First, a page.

The bladder is a balloon-shaped organ in the pelvic area that stores urine. The ureter is a small tube that delivers urine from each kidney down to the bladder. The lining of these structures can develop cancer. The most common type of cancer in these locations is transitional cell carcinoma. Patients who develop this type of cancer can be much more likely to form new tumors of the same type in other locations of this urinary tract lining.
A diagnosis can be prompted by pain, increased urinary frequency, blood in the urine (visible or detected by urinalysis), or a coincidental finding on an x-ray such as a CT scan. Smoking is the greatest single risk factor for bladder cancer. Exposure to certain toxic chemicals and drugs may also increase the risk. The diagnosis can sometimes be made by a variety of x-ray tests. However, placing a telescope inside these structures is often necessary. Examination of the urine for cancer cells (urinary cytology), abnormal DNA (FISH test), or certain chemicals can be helpful.
Bladder cancer can often be treated by placing a telescope into the bladder and scraping the tumor from the lining of the bladder. However, when the tumor invades deep into the wall of the bladder, it is usually necessary to surgically remove the bladder (robotic cystectomy). If the tumor is isolated to a relatively small area away from the opening of the bladder, partial removal of the bladder (partial cystectomy) may be all that is required. Laparoscopic removal using small “button-hole” size incisions can reduce the operative risk and recovery time, particularly with partial removal.
Ureteral cancer usually requires removal of the entire ureter, kidney, and a small portion of the bladder where the ureter inserts (nephrouterectomy). Occasionally, when the tumor is isolated to the lower portion of the ureter, this lower segment can be removed and the remaining portion of the upper ureter can be re-routed to another location in the bladder (ureteral re-implantation). Both of these procedures can also be performed laparoscopically, but require a high level of expertise.
Q: What information should I bring to my first office visit with Scott D. Miller, MD? A: Please bring relevant x-ray films (or computer disks) and any pertinent laboratory, radiology, and pathology reports. Completing our patient information forms (available on our website) prior to your arrival will help inform Dr. Scott Miller regarding your medical history, medications and allergies.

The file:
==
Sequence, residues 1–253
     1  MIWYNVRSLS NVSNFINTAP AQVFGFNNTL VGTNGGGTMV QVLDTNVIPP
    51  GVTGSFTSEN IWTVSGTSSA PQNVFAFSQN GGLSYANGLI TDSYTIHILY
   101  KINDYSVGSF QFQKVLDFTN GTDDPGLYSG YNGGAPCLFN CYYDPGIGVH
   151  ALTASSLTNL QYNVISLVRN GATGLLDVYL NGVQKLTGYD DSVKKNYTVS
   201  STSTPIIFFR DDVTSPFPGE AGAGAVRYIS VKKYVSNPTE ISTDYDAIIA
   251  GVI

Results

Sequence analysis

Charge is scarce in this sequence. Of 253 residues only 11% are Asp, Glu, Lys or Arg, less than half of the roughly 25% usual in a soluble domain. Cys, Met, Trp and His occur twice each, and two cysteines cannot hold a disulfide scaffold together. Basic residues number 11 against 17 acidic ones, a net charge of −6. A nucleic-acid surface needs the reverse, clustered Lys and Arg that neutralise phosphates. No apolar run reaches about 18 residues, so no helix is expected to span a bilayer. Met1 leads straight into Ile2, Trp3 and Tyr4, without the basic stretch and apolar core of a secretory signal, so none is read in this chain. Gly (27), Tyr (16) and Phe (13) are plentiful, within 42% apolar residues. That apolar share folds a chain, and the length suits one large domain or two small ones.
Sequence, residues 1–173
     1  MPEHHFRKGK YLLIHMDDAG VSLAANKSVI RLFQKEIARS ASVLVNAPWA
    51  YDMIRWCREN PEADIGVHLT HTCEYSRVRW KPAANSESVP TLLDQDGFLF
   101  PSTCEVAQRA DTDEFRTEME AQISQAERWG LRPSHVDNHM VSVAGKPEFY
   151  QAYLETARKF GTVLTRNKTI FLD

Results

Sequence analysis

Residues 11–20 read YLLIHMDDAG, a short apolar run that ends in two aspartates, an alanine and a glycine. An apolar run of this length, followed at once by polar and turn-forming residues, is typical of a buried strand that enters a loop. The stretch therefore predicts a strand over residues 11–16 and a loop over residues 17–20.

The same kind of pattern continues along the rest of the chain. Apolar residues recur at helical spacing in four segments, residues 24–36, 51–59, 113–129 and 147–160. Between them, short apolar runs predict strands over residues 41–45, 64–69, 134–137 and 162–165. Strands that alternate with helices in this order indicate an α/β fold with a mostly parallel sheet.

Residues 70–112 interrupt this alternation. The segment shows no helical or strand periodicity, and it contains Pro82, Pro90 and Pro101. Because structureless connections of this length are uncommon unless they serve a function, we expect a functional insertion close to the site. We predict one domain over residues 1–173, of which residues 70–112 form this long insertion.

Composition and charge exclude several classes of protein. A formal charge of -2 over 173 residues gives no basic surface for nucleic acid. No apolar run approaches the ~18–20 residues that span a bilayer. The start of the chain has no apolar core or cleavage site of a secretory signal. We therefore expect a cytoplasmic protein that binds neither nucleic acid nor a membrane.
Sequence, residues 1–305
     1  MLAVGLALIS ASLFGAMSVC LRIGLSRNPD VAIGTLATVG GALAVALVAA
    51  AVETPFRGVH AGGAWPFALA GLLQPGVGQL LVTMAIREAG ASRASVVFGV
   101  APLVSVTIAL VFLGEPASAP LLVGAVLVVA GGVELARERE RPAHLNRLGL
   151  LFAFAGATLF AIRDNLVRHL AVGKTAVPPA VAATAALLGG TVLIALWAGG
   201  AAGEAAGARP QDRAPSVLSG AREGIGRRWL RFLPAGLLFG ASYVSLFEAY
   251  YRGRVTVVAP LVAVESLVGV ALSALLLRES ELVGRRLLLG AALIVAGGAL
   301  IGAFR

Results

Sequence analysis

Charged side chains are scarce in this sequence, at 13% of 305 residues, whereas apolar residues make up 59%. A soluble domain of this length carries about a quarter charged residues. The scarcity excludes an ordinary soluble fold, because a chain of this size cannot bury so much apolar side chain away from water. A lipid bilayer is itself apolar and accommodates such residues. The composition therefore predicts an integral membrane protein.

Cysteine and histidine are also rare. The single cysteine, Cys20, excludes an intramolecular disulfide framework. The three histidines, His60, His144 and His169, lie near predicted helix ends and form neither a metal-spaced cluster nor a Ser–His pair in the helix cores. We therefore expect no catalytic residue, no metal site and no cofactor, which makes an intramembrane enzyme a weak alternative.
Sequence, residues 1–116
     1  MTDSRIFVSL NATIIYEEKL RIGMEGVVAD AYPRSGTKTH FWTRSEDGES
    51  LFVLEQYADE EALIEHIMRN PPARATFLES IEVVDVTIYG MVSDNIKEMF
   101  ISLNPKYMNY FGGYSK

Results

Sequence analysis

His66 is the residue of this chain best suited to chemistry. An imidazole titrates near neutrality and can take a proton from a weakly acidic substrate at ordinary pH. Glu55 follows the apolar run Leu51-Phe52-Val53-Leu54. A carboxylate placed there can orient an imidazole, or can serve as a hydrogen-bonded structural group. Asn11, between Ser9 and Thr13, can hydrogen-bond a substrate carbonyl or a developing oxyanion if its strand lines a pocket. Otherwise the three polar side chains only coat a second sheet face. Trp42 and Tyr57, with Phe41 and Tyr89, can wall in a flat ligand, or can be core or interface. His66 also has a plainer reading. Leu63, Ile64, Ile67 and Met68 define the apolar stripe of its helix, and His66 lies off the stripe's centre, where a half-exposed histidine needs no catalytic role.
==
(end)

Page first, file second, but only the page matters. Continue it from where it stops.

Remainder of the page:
Q: What are the risk factors for developing bladder or ureteral cancer? A: The most significant risk factors are age, smoking, and certain industrial exposures.
Q: What are the risk factors that raise the chance that my bladder or ureteral cancer has spread to other areas of the body? A: The most significant risk factors for having disease outside of the bladder or ureter are tumor size, stage, and grade. A small amount of disease outside of the bladder or ureter, whether close or distant, can be difficult to detect by any type of x-ray test.
Q: What is meant by the term “cancer stage”? A: “Cancer stage” refers to the extent and location of disease, regardless of aggressiveness.
Q: What is meant by the term “cancer grade”? A: “Cancer grade” refers to the aggressiveness of disease, regardless of extent and location. This determination is made by microscopic examination by the pathologist.
Q: What tests do I need prior to making a treatment choice? A: In order to make an informed decision, patients should undergo CT scan of the abdomen and pelvis, chest x-ray, and telescopic examination of the bladder (cystoscopy).
Q: What is a FISH test? A: A FISH test helps detect abnormal DNA in the urine from cancer cells that may have shed from the lining of the urinary tract.
Once diagnosed with transitional cell carcinoma of the bladder or ureter, long-term regular examination of the entire urinary tract is mandatory. Once this tumor occurs in one place, it is much more likely to occur in other parts of the urinary tract. In addition, a slow-growing disease process can suddenly become very aggressive. The keys to successful management include close physician observation, increased fluid intake, and smoking cessation.